Interview and selected readings
Excerpt from the interview with Toshiyuki Inoko, Creative Director, teamLab, on June 12, 2014, conducted, translated and excerpted by Miwako Tezuka
Miwako Tezuka (MT): teamLab creates many interactive works. What is the significance of interactive art?
Toshiyuki Inoko (TI): During the twentieth century content and viewers existed separately. But the emergence of the digital concept changed works to become participatory for the viewers. For example, during the late twentieth century most people received information from non-interactive media such as TV, radio, books, and newspapers. In contrast, today we spend most of our time using new media that allow our participation. The digital concept has enabled us to create participatory artworks.
MT: And these changes in both the medium and viewers set the backdrop for the birth of teamLab, the “super technologist group?”
TI: Yes. Let’s think about what the digital concept is. In the past, information came with some kind of physical medium as a set. For example, information such as music came in the form of a vinyl record. Today, thanks to digital technology, music exists independent of the vinyl record. In short, information has been freed from the limits of material media. This is same in artistic expression. Art is being freed from the limits of its conventional media such as a canvas. This means that digital art has no physical boundary and can contain so much information. It is the same principle as when a solid material becomes a liquid form—liquid has an exponentially bigger transformative potential than a solid matter. This transformative potential is brought to the realm of art thanks to digital technology. This change is happening very quickly and artworks are ever more flexible and able to change via the viewers’ participation. In a way, this has become the norm.
MT: According to that logic, teamLab’s work United, Fragmented, Repeated and Impermanent World, which draws inspiration from an eighteenth-century painting by Itō Jakuchū, already embodies that freedom to change.
TI: That’s right. I am perfectly fine with it being displayed on a 1,000-inch monitor when that becomes available.
MT: Is it less homage to Jakuchū and more like Jakuchū being a source of information that you transformed into a form that is contemporary to our time?
TI: Subconsciously, I think that is correct, but more consciously, we think there was a clearly logical theoretical structure in traditional Japanese spatial perception. In general, the Japanese spatial concept is said to be conceptual or innately flat while the Western perspective system is logical. But, I think the Japanese had their logic of space, and that led to the particular Japanese way of depicting space in art. In order to search for that logic of space, teamLab renders the space depicted in the traditional Japanese painting in 3D computer graphics. We first create a three-dimensional space on a computer, and then, through trial and error, we search for a certain logical structure in it. We are trying to find out what kind of spatial theory the Japanese had in the past, how they saw the space, what the advantage of this theory is in contrast to the Western perspectival system, how this spatial theory affects people, and so forth. What we discover through this deductive process becomes the seed of our new creation. Itō Jakuchū’s masume-ga (mosaic painting) happens to be unique in terms of its spatial rendition, so we began to question what is happening in that work by first reconstructing, in 3D computer graphics the space depicted in it. After we created the three-dimensional space on a computer, we could place each motif in the painting into that digital landscape. This restructuring process let us discover many things. Those discoveries kept informing our new expression. After all, it all began with the uniqueness of Jakuchū’s painting.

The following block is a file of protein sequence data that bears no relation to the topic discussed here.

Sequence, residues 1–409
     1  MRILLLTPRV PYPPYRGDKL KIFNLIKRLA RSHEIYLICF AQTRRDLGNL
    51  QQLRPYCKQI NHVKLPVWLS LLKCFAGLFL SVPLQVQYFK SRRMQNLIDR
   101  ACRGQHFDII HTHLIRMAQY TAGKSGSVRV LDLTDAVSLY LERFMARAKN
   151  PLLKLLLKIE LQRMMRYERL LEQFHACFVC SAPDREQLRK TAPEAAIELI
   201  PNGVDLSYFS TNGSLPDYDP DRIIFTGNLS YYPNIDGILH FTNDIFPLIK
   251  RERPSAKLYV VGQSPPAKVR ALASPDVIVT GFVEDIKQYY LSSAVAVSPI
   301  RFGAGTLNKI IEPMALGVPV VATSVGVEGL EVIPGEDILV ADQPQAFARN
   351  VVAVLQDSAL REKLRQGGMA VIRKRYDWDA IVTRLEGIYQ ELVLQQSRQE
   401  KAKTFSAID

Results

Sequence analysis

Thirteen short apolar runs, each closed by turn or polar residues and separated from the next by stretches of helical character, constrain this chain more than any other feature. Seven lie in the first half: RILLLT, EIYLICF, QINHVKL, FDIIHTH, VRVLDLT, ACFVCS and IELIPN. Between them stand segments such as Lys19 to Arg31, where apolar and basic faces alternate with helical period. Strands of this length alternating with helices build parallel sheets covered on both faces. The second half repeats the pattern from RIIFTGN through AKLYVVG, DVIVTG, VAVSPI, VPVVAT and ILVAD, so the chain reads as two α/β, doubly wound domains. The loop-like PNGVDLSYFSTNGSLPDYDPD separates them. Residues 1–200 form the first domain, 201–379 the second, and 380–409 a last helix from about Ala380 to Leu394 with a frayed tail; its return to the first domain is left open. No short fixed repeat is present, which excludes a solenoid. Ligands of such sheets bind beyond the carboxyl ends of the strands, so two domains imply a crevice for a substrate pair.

MT: When was the first time you saw his mosaic painting?
TI: I saw it in person for the first time at the Mori Art Museum’s grand-opening exhibition in Tokyo entitled Happiness. Of course, I knew Jakuchū before that show from books and catalogues.
MT: Were you interested in any other works by Jakuchū?
TI: I don’t really have any particular paintings that I am interested in. But, when I first found out about Jakuchū, I instinctively felt some sort of continuity between his art and today’s popular culture. When you read the manga One Piece by Eiichirō Oda, you see the lineage, or the continuity, from Dragon Ball by Akira Toriyama. It’s this kind of continuity that I felt in Jakuchū. There is something that is shared by Dragon Ball, One Piece, and Itō Jakuchū but not found in the Western art history. We are very curious about what that is.
MT: By “today’s popular culture,” you mean specifically popular culture of today’s Japan, correct?
TI: Yes. It is the continuity between Jakuchū and the popular culture of today’s Japan as seen in the works by Akira Toriyama, Mattsū (another manga author), and so forth.
Bijutsu Techō Special Feature pixiv teamLab. BT, Vol. 63, No. 952 (June 2011), pp. 9–96.
Inoko, Toshiyuki. Who is teamLab? Tokyo: Magazine House, 2013.
Inoko, Toshiyuki. “Uniting Technology and Art: Creating a New Value” (Tekunorojī to āto no yūgō, arata na kachi o yo ni umidasu). Job.j-sen.jp/visionary. http://job.j-sen.jp/visionary/president/article/90/ (May 20, 2014).